Some owners are adamant that they want 100% of the cash at closing. But they need to realize, for that to happen, it will likely result in a lower total price. (Want to learn more? This is covered in detail in our Ultimate Guide to Selling a Business).
A number of owners place strong importance on the future of their employees when selling a business. Particularly, they want to ensure they will remain employed in a good work environment under new ownership. After all, these are the people who interact with customers, work behind the scenes and have helped shape the culture of the company.
Some owners and leaders intentionally focused on creating a specific culture at their firm that they and others enjoy and also helps them attract and retain employees. For others it happens unintentionally and was strongly influenced by the example you set as the leader, and further developed by the types of people who were hired over the years.
Culture could have been formed by your strong or weak work ethic, positive or negative attitude, open communication and social efforts, birthday and holiday celebrations, team building events, casual Fridays, or even as simple as noticeably having a smile on your face when walking through the office. Some firms have been recognized as a “Top Place to Work” because of the culture that’s been created.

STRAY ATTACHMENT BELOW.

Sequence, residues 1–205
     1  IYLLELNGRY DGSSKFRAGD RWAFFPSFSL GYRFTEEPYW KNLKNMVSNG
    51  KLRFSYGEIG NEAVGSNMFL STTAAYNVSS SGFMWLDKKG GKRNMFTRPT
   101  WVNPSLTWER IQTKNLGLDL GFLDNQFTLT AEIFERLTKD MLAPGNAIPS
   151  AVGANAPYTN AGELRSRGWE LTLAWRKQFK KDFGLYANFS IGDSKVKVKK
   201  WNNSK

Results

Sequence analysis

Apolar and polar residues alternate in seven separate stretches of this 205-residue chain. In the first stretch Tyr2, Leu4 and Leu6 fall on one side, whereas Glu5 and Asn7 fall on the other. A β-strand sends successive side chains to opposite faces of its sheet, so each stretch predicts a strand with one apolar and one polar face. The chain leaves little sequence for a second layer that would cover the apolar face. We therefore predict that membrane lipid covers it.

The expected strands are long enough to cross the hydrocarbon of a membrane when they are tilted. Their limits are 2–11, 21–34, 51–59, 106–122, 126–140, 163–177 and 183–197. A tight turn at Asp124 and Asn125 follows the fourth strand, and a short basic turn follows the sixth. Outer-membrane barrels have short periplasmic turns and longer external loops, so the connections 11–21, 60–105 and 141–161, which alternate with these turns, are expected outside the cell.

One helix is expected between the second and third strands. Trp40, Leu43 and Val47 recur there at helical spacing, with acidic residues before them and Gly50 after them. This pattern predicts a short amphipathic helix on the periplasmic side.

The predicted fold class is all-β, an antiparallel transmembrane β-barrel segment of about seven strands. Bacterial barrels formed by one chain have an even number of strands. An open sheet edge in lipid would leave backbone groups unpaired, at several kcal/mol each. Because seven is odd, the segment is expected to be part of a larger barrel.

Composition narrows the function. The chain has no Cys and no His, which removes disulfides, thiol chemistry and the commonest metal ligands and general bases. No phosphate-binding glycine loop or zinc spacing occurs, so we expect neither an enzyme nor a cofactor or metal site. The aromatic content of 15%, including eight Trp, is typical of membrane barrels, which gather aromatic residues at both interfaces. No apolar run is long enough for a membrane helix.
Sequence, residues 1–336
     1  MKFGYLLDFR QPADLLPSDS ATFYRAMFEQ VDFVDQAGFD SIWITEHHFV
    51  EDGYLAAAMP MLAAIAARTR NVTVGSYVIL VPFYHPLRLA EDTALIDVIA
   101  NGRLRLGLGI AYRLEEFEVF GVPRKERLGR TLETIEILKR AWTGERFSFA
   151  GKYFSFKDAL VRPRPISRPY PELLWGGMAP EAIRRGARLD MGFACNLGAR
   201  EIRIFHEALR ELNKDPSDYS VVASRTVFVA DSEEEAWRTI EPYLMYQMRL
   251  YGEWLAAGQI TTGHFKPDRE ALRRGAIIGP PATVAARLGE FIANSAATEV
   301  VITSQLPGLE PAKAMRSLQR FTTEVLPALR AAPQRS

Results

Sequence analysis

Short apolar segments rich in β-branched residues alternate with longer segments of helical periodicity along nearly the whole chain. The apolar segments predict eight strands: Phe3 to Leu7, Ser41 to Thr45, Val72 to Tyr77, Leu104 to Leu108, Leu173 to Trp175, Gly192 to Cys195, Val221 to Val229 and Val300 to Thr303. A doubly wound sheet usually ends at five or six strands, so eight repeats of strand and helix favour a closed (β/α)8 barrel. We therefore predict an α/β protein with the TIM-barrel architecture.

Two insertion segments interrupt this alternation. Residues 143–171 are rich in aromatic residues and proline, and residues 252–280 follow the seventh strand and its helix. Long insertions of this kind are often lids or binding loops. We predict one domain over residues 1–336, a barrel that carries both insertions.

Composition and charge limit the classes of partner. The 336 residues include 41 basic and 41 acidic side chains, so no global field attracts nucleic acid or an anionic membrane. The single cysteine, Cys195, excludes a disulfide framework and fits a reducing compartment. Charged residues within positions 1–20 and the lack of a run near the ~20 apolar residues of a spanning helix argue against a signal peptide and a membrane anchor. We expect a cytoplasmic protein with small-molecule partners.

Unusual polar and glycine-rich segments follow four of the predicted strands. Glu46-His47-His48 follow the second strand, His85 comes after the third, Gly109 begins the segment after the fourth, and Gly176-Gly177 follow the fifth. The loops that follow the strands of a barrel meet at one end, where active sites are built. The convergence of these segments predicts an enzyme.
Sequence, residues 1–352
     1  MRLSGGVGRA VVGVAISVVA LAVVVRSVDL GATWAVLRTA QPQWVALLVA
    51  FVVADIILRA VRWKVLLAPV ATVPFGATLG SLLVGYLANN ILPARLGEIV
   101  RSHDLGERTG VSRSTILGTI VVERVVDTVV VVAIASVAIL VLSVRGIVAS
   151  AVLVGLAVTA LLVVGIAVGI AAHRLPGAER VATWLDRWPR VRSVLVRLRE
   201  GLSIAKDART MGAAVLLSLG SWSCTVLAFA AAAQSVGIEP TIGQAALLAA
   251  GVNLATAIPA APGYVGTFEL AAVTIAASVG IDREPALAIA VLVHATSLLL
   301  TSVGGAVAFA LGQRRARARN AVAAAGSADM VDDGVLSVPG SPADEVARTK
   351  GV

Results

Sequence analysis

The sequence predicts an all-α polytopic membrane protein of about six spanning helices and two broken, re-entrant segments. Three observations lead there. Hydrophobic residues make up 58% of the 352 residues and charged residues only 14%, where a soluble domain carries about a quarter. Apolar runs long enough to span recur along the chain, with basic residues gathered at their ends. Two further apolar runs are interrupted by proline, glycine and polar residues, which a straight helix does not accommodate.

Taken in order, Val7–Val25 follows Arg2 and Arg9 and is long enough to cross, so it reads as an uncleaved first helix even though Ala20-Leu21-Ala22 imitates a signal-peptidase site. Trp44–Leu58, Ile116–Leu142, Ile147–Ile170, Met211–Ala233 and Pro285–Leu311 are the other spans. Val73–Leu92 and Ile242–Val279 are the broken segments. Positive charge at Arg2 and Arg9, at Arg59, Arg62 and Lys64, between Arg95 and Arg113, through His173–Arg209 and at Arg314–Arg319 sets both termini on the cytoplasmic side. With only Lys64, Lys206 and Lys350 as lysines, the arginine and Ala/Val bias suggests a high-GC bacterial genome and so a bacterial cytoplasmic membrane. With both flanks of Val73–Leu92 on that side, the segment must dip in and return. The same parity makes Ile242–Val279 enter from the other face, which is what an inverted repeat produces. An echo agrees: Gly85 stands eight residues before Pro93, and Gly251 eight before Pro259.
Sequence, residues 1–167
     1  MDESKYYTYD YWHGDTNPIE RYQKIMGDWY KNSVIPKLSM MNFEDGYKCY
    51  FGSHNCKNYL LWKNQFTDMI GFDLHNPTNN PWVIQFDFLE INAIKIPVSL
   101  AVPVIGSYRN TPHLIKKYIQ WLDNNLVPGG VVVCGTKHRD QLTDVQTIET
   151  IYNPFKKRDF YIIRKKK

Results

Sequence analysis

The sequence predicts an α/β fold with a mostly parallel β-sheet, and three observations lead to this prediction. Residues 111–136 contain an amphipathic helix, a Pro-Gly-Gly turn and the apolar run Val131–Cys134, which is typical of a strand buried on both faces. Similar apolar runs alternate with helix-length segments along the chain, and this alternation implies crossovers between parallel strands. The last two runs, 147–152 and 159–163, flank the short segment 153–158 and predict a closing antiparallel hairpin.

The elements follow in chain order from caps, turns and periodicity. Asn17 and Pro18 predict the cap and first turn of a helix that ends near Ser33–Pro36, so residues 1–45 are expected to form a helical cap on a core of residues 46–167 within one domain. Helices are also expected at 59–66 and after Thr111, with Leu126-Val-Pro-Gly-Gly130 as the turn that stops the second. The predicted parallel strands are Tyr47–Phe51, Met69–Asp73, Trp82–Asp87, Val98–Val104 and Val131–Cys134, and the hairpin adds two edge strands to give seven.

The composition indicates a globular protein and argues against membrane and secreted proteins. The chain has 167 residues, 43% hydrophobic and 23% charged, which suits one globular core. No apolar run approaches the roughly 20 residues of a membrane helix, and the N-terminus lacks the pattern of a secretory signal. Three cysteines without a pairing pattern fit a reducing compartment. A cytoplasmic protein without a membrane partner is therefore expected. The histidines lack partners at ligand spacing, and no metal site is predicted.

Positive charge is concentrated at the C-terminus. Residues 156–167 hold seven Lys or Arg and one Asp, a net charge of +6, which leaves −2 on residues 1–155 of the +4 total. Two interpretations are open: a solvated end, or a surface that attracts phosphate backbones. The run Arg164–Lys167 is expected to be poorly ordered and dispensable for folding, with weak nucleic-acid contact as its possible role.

For owners that realize they have a strong and beneficial culture within their firm, I often see them have a strong desire to ensure that any new ownership will align with this culture, even potentially enhance it, so that it can remain a strength for the company in the future.
Clients & Customers
I’ve heard a number of owners talk about how important their clients are to them and how the future service they receive is vitally important to them. Some have shared how the business wouldn’t have even been able to make it through the first year without a few early customers who gave them a chance and put their trust in them early on.
Some companies have been passed down for generations, or have other deep reasons why the name of the company is part of the legacy that is so important for them to ensure lives on. Often times the name represents more than just letters on the sign, it’s a name, a meaning, a brand, or image that has deep meaning to an owner.